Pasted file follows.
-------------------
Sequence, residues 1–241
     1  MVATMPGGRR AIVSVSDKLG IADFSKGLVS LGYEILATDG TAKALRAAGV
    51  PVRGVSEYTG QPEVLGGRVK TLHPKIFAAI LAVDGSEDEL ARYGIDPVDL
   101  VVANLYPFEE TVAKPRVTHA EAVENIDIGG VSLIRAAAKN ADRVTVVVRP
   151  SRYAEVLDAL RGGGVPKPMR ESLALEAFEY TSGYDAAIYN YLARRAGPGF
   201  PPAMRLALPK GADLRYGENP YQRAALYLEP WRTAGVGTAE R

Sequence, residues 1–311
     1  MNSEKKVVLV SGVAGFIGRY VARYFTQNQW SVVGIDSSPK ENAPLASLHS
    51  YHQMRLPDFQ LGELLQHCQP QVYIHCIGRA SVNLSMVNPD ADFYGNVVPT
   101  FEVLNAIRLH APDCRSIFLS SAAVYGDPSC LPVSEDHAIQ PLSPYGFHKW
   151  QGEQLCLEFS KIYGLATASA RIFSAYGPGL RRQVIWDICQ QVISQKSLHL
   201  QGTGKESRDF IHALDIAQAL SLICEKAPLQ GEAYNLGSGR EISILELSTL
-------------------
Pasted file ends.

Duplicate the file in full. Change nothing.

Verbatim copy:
Sequence, residues 1–241
     1  MVATMPGGRR AIVSVSDKLG IADFSKGLVS LGYEILATDG TAKALRAAGV
    51  PVRGVSEYTG QPEVLGGRVK TLHPKIFAAI LAVDGSEDEL ARYGIDPVDL
   101  VVANLYPFEE TVAKPRVTHA EAVENIDIGG VSLIRAAAKN ADRVTVVVRP
   151  SRYAEVLDAL RGGGVPKPMR ESLALEAFEY TSGYDAAIYN YLARRAGPGF
   201  PPAMRLALPK GADLRYGENP YQRAALYLEP WRTAGVGTAE R

Sequence, residues 1–311
     1  MNSEKKVVLV SGVAGFIGRY VARYFTQNQW SVVGIDSSPK ENAPLASLHS
    51  YHQMRLPDFQ LGELLQHCQP QVYIHCIGRA SVNLSMVNPD ADFYGNVVPT
   101  FEVLNAIRLH APDCRSIFLS SAAVYGDPSC LPVSEDHAIQ PLSPYGFHKW
   151  QGEQLCLEFS KIYGLATASA RIFSAYGPGL RRQVIWDICQ QVISQKSLHL
   201  QGTGKESRDF IHALDIAQAL SLICEKAPLQ GEAYNLGSGR EISILELSTL